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Scholarly Communication

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Mythbusting 101: Reflecting on a Year of Open

by Michelle Reed December 21, 2017
Year of Open 2017

Earlier this year, the Scholarly Publishing and Academic Resources Coalition (SPARC) published “OER Mythbusting.” The document identifies seven common myths related to open educational resources (OER) and presents facts to counter the myths. In my discussions with UTA faculty and administrators about OER over the past year, I’ve been asked to address a few of the myths in multiple conversations. Below I’ll discuss these and others I’ve encountered in my time at UTA.

“OER are just free resources.”

Conflating free and open is incredibly common. However, the distinction is important. The “open” in open educational resources implies educators and students can access the material for free and ALSO exercise great freedom in revising and reusing the material. Open in this context hinges on authors proactively granting to downstream users the legal permission to engage in acts traditionally prohibited by copyright laws. This includes permission to download and retain the material, to share the material, and to revise or remix the material. These permissions are frequently communicated via a Creative Commons license.

Understanding the permissions component of OER may seem challenging because the boundaries of what is and is not allowable under copyright law are frequently blurry. Generally, in the absence of explicit permissions, it’s best to assume that everything you find on the Web is copyrighted. With copyrighted materials, you have the freedom to view the content, even for free. It’s also legal to link to copyrighted resources that are freely available on the Web. However, that’s generally where our rights as users end. Therefore, if you embed such resources into Blackboard or modify them in any way, you are taking a risk. Working with OER eliminates this risk because OER are intended to be legally shared and reused.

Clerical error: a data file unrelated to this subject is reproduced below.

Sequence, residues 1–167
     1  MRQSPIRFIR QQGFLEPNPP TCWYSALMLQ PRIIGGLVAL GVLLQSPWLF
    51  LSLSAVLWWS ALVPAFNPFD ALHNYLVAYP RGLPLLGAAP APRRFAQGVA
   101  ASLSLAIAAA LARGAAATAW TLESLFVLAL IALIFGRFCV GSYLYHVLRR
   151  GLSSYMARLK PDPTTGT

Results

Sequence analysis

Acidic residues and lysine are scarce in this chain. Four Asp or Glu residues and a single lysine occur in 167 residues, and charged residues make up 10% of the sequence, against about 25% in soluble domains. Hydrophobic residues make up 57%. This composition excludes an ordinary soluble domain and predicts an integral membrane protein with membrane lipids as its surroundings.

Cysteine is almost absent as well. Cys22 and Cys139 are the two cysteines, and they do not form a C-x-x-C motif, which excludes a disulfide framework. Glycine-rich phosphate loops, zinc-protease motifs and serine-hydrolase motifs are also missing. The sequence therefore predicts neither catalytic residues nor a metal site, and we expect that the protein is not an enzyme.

“There’s no such thing as a free resource.”

This one is true—sort of. It’s correct that there is a cost associated with the production and dissemination of resources. Even digital resources have hosting and maintenance costs, and all quality educational resources, regardless of how they are shared, take significant time and resources to produce. What we mean by “free” in the context of OER is “free for the user”—not free of all production costs.

So then, how are such projects possible? OER represent a shift in how publishing educational content is funded. Traditionally, this is how the system works: commercial publishers invest in creating a resource and then recoup the cost (and make a plump profit) through sales to students; textbook authors typically make (far less plump) royalties off of these sales. In this situation, the textbook is almost always fully protected by copyright, which is usually held by publishers rather than authors. This prevents educators from customizing or modifying the content in any way without seeking permission from publishers, who often require payment for the privilege. The most popular OER model shifts the responsibility for funding resource creation from students, who have been footing the bill at an increasing markup for decades, to another organization or entity with the condition that the resulting work is openly licensed. The license requirements mean the resource will forever be free for anyone to use or revise. What the funding covers varies but frequently includes a stipend for authors, peer review and hosting of the content, and production software.

Who are these funders? Libraries, for one. Academic libraries are increasingly funding OER creation through grant programs like the one sponsored by UTA Libraries, and many receive additional support from campus partners, such as provosts' offices, teaching and learning centers, distance education units, and governing bodies. Some professional societies fund these projects, and others are funded by foundations, as is the case with Rice University’s OpenStax. State governments are also getting involved. This year in Texas, the Legislature passed Senate Bill 810, which establishes a grant program to support OER creation and adoption across the state.